Morning Call: pick of the papers

The ten must-read pieces from this morning's papers.

1. Anti-capitalist? Too simple. Occupy can be the catalyst for a radical rethink (Guardian)

Capitalism has many guises, writes Ha-Joon Chang. Pigeonholing protesters will only allow those who are against reform to avoid the issue.

2. Europe must not allow Rome to burn (Financial Times)

This may turn out to be the last chance to put out the fire, says Martin Wolf.

3. Steve Jobs or Bill Gates. Europe must choose (Times) (£)

There are more risks for the EU as a 'beautiful' integrated system like Apple than as an untidy alliance like Microsoft, writes Daniel Finkelstein.

4. Assad will only go if his own tanks turn against him (Independent)

Predictions of the Syrian leader's imminent demise are hopelessly optimistic, warns Robert Fisk.

5. Ed Miliband needs to strike a blow, not a pose over industrial action (Daily Mirror)

Industrial action is a big test of Miliband's argument that the major divide in Britain is between the 99 per cent and the 1 per cent, says Kevin Maguire.

6. The markets distrust democracy. Just ask the masters of Beijing and Moscow (Guardian)

Why is the democratic world faring so much worse in this crisis than its authoritarian rivals? It's the austerity, stupid, writes Jonathan Freedland.

7. Money alone will not rescue the euro (Financial Times)

The ECB can backstop political agreement, not substitute for it, says an FT leader.

8. We should celebrate the death of PFI (Daily Telegraph)

Its toxic legacy of debt proves there is a better way to improve Britain's infrastructure, says Jesse Norman.

9. Political elite with a contempt for voters (Daily Mail)

Political leaders continue to show breathtaking disregard for the right of individual eurozone states, says a Daily Mail leader.

10. This is not the Margaret Thatcher I knew (Daily Telegraph)

It'll take more than the talents of Meryl Streep to capture the essence of this political giant, writes Norman Tebbit.

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The problems with ending encryption to fight terrorism

Forcing tech firms to create a "backdoor" to access messages would be a gift to cyber-hackers.

The UK has endured its worst terrorist atrocity since 7 July 2005 and the threat level has been raised to "critical" for the first time in a decade. Though election campaigning has been suspended, the debate over potential new powers has already begun.

Today's Sun reports that the Conservatives will seek to force technology companies to hand over encrypted messages to the police and security services. The new Technical Capability Notices were proposed by Amber Rudd following the Westminster terrorist attack and a month-long consultation closed last week. A Tory minister told the Sun: "We will do this as soon as we can after the election, as long as we get back in. The level of threat clearly proves there is no more time to waste now. The social media companies have been laughing in our faces for too long."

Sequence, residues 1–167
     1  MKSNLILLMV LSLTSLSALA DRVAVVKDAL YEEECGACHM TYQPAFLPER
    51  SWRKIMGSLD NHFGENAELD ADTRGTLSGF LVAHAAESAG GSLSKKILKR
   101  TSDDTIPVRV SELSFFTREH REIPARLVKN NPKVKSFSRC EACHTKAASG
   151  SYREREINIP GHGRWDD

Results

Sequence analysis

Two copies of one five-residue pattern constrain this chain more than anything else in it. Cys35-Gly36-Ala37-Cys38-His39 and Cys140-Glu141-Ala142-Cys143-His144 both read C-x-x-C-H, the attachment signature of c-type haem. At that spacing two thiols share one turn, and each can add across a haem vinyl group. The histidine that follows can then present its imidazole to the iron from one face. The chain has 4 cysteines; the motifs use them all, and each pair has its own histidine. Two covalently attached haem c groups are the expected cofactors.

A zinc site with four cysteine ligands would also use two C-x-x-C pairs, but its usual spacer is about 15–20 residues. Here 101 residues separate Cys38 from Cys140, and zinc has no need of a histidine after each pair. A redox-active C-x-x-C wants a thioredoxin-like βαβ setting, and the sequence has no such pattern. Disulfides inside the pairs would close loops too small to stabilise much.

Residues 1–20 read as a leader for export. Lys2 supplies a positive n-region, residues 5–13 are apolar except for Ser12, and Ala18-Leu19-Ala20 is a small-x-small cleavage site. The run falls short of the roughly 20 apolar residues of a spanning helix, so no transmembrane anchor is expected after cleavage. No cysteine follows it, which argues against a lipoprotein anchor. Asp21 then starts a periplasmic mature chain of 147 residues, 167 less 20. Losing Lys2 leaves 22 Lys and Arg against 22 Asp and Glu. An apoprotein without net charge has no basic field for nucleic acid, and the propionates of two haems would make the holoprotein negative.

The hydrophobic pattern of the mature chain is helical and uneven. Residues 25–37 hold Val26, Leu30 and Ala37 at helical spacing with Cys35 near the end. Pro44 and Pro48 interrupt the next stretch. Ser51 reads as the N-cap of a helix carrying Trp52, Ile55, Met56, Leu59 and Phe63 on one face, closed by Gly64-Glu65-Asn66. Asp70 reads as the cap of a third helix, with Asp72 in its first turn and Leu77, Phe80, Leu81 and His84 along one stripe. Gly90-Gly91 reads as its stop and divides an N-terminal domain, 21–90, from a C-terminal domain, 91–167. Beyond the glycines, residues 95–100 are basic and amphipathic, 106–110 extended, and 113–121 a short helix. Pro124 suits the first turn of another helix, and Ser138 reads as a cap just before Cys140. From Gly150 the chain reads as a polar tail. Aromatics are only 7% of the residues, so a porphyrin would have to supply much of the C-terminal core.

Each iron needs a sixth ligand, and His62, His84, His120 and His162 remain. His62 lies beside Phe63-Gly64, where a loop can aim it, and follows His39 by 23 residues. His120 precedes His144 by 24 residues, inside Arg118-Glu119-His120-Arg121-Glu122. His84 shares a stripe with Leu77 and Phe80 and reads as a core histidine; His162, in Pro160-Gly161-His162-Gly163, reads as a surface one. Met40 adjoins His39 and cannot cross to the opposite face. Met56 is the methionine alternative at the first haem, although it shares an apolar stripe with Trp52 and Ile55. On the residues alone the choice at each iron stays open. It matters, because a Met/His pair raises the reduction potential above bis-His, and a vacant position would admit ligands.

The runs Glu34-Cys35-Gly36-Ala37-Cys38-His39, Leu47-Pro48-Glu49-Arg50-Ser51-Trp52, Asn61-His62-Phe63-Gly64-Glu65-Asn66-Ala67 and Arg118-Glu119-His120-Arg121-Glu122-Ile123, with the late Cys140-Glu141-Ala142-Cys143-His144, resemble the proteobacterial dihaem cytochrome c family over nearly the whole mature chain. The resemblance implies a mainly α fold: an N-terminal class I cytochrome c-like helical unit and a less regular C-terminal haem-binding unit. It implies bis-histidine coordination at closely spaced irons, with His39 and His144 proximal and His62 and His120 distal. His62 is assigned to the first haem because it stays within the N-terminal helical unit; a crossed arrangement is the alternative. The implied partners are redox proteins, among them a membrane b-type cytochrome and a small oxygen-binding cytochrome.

Put that way, the plan sounds reasonable (orders would be approved by the home secretary and a senior judge). But there are irrefutable problems. Encryption means tech firms such as WhatsApp and Apple can't simply "hand over" suspect messages - they can't access them at all. The technology is designed precisely so that conversations are genuinely private (unless a suspect's device is obtained or hacked into). Were companies to create an encryption "backdoor", as the government proposes, they would also create new opportunities for criminals and cyberhackers (as in the case of the recent NHS attack).

Ian Levy, the technical director of the National Cyber Security, told the New Statesman's Will Dunn earlier this year: "Nobody in this organisation or our parent organisation will ever ask for a 'back door' in a large-scale encryption system, because it's dumb."

But there is a more profound problem: once created, a technology cannot be uninvented. Should large tech firms end encryption, terrorists will merely turn to other, lesser-known platforms. The only means of barring UK citizens from using the service would be a Chinese-style "great firewall", cutting Britain off from the rest of the internet. In 2015, before entering the cabinet, Brexit Secretary David Davis warned of ending encryption: "Such a move would have had devastating consequences for all financial transactions and online commerce, not to mention the security of all personal data. Its consequences for the City do not bear thinking about."

Labour's manifesto pledged to "provide our security agencies with the resources and the powers they need to protect our country and keep us all safe." But added: "We will also ensure that such powers do not weaken our individual rights or civil liberties". The Liberal Democrats have vowed to "oppose Conservative attempts to undermine encryption."

But with a large Conservative majority inevitable, according to polls, ministers will be confident of winning parliamentary support for the plan. Only a rebellion led by Davis-esque liberals is likely to stop them.

George Eaton is political editor of the New Statesman.

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